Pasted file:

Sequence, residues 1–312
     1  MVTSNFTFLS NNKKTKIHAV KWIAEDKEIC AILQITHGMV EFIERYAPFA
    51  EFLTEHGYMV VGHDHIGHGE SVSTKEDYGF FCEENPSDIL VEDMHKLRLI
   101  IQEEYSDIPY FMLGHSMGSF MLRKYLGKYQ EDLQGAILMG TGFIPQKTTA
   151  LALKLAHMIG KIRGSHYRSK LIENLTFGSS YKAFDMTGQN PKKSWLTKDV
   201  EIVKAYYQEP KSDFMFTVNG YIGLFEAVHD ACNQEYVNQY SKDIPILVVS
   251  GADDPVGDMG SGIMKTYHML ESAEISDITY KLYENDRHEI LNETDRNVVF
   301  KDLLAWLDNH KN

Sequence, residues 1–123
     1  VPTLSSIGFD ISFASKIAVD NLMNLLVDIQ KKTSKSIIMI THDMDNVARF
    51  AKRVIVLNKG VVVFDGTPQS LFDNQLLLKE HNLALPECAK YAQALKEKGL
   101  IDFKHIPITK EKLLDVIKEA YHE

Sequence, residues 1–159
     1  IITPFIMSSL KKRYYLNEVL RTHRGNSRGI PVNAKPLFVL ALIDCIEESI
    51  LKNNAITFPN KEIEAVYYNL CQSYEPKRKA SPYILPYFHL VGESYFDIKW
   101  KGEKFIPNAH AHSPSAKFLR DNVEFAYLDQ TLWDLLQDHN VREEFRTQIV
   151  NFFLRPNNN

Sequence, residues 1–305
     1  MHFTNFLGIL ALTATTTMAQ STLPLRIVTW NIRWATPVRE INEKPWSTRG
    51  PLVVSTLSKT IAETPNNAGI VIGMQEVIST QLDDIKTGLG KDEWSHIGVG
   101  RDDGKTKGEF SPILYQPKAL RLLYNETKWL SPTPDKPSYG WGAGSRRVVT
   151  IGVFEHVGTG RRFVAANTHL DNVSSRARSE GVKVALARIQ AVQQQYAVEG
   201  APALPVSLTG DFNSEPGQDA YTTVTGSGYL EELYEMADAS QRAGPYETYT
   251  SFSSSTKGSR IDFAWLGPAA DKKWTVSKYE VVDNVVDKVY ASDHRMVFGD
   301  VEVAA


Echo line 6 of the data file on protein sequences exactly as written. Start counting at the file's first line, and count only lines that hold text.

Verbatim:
   201  EIVKAYYQEP KSDFMFTVNG YIGLFEAVHD ACNQEYVNQY SKDIPILVVS